Mel Greig, one of the two Australian radio hosts who prank-called King Edwards VII hospital in 2012 to try to learn information about Kate Middleton’s new baby or hospital stay, has spoken out this week with advice for other journalists.
Days before today’s announcement of the royal baby’s birth, a girl, Greig published an open-letter in Australia’s Daily Telegraph to not “repeat our stupidity from 2012.”
Because of Greig’s and Michael Christian’s “mistake,” she recommended news outlets play it safe, report on the birth and offer congratulations. “BE SENSIBLE,” Greig wrote. “Respect their privacy, stay away from the hospital and think of others when working out what angles to pursue.”
Specifically, Greig told journalists not to pose as medical staff or others to get information. “For anyone that is actually considering trying to repeat our stupidity from 2012, DON’T,” she wrote. “If you are a journalist planning on dressing up in scrubs to walk the corridors, DON’T.”
Greig said her letter was in response to journalists asking her questions about the incident and the royal family.
Greig and co-host Michael Christian posed as Prince Charles and Queen Elizabeth, calling the hospital while Middleton was staying there for treatment related to her then-pregnancy with Prince George. Jacintha Saldanha, the nurse who answered the phone call and connected the pranksters with another nurse who gave information about the royal family, died by suicide three days after the call.
Greig and Christian’s radio station canceled their program, suspended prank calls, donated money and suspended the hosts temporarily. Greig went to the inquest into Saldanha’s death and apologized. She also resigned from the station the year after the call.
“I understand that you are constantly challenged to create different angles for big stories because every single outlet is covering the same story as you,” Greig wrote. “You’re always under pressure to create a unique headline and stand out. I know how you feel, I have been in that position. I sat there and agreed to prank call a hospital to create a ‘unique angle’ a harmless and stupid idea that sadly ended in tragedy, as we felt obliged to cover the pregnancy and to do it differently.”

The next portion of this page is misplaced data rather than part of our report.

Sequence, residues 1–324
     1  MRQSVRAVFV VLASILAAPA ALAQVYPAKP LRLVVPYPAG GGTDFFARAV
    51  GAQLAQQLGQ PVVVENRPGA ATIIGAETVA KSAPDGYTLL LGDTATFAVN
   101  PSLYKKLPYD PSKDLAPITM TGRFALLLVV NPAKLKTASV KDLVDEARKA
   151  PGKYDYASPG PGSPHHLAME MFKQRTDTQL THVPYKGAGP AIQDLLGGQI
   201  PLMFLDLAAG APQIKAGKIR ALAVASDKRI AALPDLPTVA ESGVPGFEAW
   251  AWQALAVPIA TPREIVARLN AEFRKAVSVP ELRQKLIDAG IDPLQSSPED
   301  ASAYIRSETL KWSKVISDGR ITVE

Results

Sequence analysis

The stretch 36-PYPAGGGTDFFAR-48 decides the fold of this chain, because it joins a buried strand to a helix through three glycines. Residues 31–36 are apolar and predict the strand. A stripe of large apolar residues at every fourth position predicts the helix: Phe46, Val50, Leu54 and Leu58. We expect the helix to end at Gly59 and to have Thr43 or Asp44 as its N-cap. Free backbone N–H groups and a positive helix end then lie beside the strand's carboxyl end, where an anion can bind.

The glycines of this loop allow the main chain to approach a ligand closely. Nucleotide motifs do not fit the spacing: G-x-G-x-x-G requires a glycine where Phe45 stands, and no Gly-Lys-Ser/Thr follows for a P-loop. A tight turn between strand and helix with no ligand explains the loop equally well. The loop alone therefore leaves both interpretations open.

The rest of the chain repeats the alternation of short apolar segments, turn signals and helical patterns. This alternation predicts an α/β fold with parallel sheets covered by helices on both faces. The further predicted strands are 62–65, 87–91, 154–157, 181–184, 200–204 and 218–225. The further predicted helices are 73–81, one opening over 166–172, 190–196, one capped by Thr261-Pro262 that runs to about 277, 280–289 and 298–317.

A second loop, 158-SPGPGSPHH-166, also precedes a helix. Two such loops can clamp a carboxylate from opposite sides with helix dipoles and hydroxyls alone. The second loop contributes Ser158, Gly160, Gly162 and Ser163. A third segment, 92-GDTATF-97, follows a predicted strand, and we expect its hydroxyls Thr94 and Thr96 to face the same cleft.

That should be an obvious no-no, but as iMediaEthics has written, journalists have been accused in other cases of doing just that. Earlier this year, Chinese news staff from the Shenzhen Evening News were accused of sneaking into a hospital, posing as hospital staff and taking photos of a recently deceased pop star. Last year, the manager for Formula One racer Michael Schumacher said a journalist dressed as a priest to try to get into Schumacher’s hospital room.
Greig further questioned if “pressure from above” is too much, forcing journalists to be “careless and ruthless” and cross lines. She noted that when she herself was in the news because of the prank call, a journalist friend went to her parents’ house and even knocked on the doors of everyone in her neighborhood to find something to report on.
“I’ve crossed the line too. But the difference is, I’ve learnt from it and I’ll continue to work in the media so I can help others to think before they act. You don’t need to be careless to create great content.”
iMediaEthics has written to Greig and 2 Day FM’s parent company for comment.
Hat Tip: Mashable